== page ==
1930’s Concrete Floor Slab explained
This is the floor of a house that was built in the late 1930’s.
The concrete floor-slab is around 120mm thick and was cast directly over levelled and compacted ground soil. Back then there was no damp-proof membrane between the slab and the ground to prevent damp rising up through the slab. They used alternative methods.
In the hall and lounges, they installed wooden ‘parquet’ blocks on a 3mm bed of hot bitumen. It cooled to bond the blocks in place but also to form a continuous damp-proof barrier across the slab surface.
Wooden block is not appropriate in wet areas like the kitchen so they used hard clay ‘Quarry’ tiles instead. The tiles were bed and grouted with lime mortar which allowed trapped moisture to escape as vapour through the joints.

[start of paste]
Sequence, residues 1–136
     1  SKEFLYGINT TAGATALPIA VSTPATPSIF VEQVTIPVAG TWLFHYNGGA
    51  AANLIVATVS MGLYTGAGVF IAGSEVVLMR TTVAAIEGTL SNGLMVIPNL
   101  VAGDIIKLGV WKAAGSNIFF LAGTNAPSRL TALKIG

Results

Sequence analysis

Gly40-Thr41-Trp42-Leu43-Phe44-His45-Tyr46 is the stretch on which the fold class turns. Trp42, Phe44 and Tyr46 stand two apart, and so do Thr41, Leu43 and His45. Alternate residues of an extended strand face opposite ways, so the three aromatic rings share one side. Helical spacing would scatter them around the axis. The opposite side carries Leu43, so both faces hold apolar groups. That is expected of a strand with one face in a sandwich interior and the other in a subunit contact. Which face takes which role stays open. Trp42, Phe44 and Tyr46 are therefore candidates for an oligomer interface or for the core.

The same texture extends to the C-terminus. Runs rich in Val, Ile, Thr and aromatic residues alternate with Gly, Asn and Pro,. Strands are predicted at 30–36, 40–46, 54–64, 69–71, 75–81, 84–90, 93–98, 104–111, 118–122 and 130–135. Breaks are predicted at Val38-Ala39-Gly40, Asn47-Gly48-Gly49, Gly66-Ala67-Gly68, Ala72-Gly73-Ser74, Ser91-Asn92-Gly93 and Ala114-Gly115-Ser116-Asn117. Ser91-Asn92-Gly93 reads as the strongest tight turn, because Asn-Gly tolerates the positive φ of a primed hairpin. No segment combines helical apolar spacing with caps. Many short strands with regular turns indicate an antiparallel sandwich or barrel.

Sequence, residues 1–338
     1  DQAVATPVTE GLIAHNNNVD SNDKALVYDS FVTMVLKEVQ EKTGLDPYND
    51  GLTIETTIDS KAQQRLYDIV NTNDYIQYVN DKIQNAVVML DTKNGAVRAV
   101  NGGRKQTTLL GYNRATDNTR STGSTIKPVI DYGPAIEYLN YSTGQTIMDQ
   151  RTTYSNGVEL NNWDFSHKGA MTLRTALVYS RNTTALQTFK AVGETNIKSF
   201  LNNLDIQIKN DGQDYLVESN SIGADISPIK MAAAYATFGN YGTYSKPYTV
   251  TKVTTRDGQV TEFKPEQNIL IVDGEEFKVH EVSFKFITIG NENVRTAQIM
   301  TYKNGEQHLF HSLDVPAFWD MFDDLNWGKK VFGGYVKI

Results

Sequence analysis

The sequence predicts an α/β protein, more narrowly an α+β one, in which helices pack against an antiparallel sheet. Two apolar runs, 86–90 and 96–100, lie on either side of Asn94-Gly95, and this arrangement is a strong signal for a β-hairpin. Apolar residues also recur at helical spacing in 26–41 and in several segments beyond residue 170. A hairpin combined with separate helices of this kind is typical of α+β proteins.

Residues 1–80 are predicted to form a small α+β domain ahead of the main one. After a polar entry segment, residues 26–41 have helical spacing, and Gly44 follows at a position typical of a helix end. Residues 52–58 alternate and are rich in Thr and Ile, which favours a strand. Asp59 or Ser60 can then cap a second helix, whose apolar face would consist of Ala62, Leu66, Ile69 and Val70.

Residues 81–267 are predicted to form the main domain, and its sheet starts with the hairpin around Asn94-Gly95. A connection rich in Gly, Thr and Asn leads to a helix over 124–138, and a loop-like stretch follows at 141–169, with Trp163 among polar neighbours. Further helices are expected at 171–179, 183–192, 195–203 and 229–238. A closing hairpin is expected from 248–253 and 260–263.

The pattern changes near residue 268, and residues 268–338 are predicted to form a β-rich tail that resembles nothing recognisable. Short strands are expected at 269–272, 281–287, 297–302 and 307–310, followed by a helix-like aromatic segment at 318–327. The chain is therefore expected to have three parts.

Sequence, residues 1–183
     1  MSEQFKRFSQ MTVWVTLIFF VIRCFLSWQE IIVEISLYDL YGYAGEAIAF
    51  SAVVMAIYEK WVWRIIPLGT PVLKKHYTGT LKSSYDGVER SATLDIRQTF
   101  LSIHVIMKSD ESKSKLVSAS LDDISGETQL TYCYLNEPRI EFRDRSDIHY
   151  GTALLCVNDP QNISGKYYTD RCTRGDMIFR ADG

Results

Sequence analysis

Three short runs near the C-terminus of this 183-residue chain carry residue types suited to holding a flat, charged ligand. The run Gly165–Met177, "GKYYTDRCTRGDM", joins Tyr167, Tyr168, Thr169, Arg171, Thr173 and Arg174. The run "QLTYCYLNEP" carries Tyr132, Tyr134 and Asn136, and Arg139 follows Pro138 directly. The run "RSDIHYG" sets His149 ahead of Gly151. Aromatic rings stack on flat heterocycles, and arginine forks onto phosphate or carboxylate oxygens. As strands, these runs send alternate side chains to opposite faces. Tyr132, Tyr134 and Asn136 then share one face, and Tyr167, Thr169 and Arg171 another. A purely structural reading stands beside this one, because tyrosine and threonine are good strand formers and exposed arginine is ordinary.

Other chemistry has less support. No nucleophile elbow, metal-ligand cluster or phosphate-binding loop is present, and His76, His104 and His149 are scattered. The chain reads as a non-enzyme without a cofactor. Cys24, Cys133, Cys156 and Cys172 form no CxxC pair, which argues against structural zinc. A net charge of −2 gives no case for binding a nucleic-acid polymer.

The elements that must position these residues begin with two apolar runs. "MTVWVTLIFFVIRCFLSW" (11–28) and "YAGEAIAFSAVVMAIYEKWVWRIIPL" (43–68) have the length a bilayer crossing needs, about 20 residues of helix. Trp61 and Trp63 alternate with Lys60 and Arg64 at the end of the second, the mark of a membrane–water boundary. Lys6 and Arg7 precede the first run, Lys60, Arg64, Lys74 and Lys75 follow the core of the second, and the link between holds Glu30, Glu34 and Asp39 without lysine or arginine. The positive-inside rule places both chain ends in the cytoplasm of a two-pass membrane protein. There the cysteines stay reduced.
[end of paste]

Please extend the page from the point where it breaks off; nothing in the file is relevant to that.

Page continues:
If the tiles are securely bonded you should absolutely not break them up. Leave them alone as they are holding back so much moisture in the slab.
But, after nearly 100 years the tiles often settle so if you wanted to refurbish you would have to level the floor with a self-levelling compound. However, vapour will still escape through the tile joints so what you have to do first is stop this by sealing the surface with a roll-on or brushed on epoxy-resin damp-proof membrane. Then you can lay the self-levelling compound.
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